From 1 April 2015 hedge funds became collective investments schemes and are now regulated by the Collective Investment Schemes Control Act 2002 (CISCA) and the newly published “Determination on the requirements for hedge funds” published in Board Notice 52 of 2015 by the FSB on 6 March 2015 (as amended) (HF Regulations). Hedge funds are defined so that most existing South African hedge funds, whether formed as trusts, en commandite partnerships or otherwise, are caught by this new regime.

Types of hedge funds

The new regime provides for two types of hedge funds, namely retail hedge funds (RIFs) and qualified investor hedge funds (QIFs).

 

Investment requirements RIFs QIFs
Who may invest? An RIF is a hedge fund in which an ordinary retail investor may invest. A QIF is a hedge fund in which only a qualified investor may invest.
Minimum investment amount? There is no minimum investment amount set for RIFs.

Investor must make a minimum investment of R1 million per fund;OR

Investor who has invested less than R1 million per fund, but was an investor in the QIF before 1 April 2015 is deemed a qualified investor.

Other requirements None.

The investor must have either:a demonstrable knowledge and experience in financial and business matters which would enable the investor to assess the merits and risks of a hedge fund investment;

OR

appointed a financial services provider who has demonstrable knowledge and experience to  advise the investor regarding the merits and risks of a hedge fund investment.

Level of regulation Highly regulated (see part 3 and 4 of the HF Regulations). Limited regulation (see part 2 and 4 of the HF Regulations).

Permitted hedge fund structures

The HF Regulations are clear – a manager of a hedge fund, whether the fund is a QIF or a RIF, may only establish a scheme using a collective investment scheme trust arrangement (as contemplated under CISCA) or an en commandite partnership (Permitted HF Structures).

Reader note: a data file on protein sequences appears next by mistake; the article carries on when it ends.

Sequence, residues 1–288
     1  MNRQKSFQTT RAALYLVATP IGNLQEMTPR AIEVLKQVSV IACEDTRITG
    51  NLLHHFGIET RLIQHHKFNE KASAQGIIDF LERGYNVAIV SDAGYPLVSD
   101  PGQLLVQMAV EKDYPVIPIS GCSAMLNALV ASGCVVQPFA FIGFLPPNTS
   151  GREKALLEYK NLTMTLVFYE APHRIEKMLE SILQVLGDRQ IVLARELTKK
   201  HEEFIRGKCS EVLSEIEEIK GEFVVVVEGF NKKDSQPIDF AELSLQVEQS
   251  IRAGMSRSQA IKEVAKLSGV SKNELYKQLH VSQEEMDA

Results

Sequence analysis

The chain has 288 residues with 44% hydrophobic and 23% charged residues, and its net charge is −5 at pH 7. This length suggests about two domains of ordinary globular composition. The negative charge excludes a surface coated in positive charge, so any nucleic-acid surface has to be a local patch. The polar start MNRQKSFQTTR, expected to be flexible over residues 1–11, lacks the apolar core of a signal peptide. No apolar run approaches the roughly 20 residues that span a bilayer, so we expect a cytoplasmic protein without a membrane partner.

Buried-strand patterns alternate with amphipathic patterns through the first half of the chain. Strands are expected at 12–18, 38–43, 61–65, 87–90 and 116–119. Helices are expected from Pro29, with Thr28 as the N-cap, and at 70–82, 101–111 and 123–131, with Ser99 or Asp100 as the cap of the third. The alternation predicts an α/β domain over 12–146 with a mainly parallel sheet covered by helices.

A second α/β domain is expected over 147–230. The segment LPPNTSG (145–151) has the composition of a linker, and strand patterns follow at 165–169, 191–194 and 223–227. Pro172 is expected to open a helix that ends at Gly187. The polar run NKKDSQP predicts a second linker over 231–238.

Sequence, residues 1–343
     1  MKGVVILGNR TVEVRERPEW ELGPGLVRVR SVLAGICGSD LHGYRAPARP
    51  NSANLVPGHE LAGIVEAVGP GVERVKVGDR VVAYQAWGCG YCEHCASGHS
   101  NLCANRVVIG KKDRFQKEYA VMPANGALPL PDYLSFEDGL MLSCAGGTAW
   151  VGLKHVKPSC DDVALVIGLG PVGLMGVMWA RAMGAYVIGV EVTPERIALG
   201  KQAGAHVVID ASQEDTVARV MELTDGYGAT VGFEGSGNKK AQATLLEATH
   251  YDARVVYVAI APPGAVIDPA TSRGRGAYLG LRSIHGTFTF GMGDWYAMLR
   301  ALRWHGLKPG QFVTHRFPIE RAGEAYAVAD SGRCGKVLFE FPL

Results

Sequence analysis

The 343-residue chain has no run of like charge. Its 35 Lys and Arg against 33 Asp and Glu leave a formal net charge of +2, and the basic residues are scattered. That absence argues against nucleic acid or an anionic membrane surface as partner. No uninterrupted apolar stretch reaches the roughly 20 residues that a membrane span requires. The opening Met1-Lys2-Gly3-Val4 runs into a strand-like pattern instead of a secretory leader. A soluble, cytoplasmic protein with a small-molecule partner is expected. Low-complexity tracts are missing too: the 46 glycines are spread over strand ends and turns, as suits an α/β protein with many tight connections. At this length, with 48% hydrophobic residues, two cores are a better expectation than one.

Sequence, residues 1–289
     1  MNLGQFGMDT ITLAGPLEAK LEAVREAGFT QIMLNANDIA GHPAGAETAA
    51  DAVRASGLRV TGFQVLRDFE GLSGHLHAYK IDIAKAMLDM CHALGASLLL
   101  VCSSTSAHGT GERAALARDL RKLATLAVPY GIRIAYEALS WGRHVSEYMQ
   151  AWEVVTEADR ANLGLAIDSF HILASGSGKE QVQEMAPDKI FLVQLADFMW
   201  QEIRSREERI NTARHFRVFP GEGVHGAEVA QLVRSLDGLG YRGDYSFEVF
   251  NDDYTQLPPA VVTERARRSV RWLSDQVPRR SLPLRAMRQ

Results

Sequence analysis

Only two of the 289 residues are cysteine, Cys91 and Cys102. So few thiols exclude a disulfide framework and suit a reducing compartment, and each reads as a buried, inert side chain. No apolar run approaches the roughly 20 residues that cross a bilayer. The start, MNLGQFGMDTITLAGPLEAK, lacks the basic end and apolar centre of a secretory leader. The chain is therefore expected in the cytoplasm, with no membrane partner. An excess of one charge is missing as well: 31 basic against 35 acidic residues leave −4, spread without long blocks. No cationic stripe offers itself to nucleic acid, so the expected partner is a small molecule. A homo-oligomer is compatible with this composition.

Consequently, debenture structures and vesting trust structures will no longer be permitted and existing structures will have to be migrated across to one of the Permitted HF Structures.

Various practical difficulties relating to the Permitted HF Structures have been raised with the FSB and we are currently communicating with the FSB to deal with these concerns.

Hedge fund role players

Hedge fund managers are required to lodge an application for registration as a manager of a scheme in accordance with Form MA1 by 30 September 2015.

The appointment of hedge fund role players is dealt with in the HF Regulations. The primary role players are the hedge fund manager and the custodian.

 

Hedge fund role player QIF – CIS Trust QIF – ECP RIHF – CIS Trust RIHF – ECP
Hedge fund manager

Must be appointed and registered 

Governing board to oversee managers’ fiduciary duties

Must be appointed and registered 

Governing board to oversee managers’ fiduciary duties

 

General partner  must be manager

Must be appointed and registered

Must be appointed and registered 

General partner must be manager

 Custodian  Appoint one or the other or both Appoint one or the other or both Must be appointed Must be appointed
 Independent fund administrator Not required – fund administration can be done by manager Not required – fund administration can be done by manager

Transitional arrangements for existing hedge funds

All hedge fund managers are required to lodge an application for registration as a manager of a collective investment scheme by 30 September 2015. Managers of hedge funds in existence on 1 April 2015 must comply with the Regulations within 12 months of registration as a manager under CISCA.

Effectively, this means that a manager of an existing hedge fund will have almost 18 months to comply with all the requirements under the regime, i.e. six months for registration as a manager under CISCA plus 12 months thereafter for compliance with the Regulations (i.e. by 30 September 2016).

Tax treatment of hedge funds

Hedge fund structures are accorded the same “flow through” tax dispensation accorded to collective investments schemes (i.e. investors in RIF and QIF will be taxed the same on amounts distributed to them upon 12 months of their accrual or, in the case of interest, their receipt). The relevant tax provisions are contained in section 25BA of the Income Tax Act.

Due to the relative complexity of hedge funds and the recent issuing of the HF Regulations, hedge funds will not qualify as Tax Free Savings Accounts at this stage.

With respect to the tax consequences for the migration of hedge funds from unregulated structures to Permitted HF Structures, the National Treasury has recently released a draft of the Taxation Laws Amendment Bill which proposes significant concessions in this regard.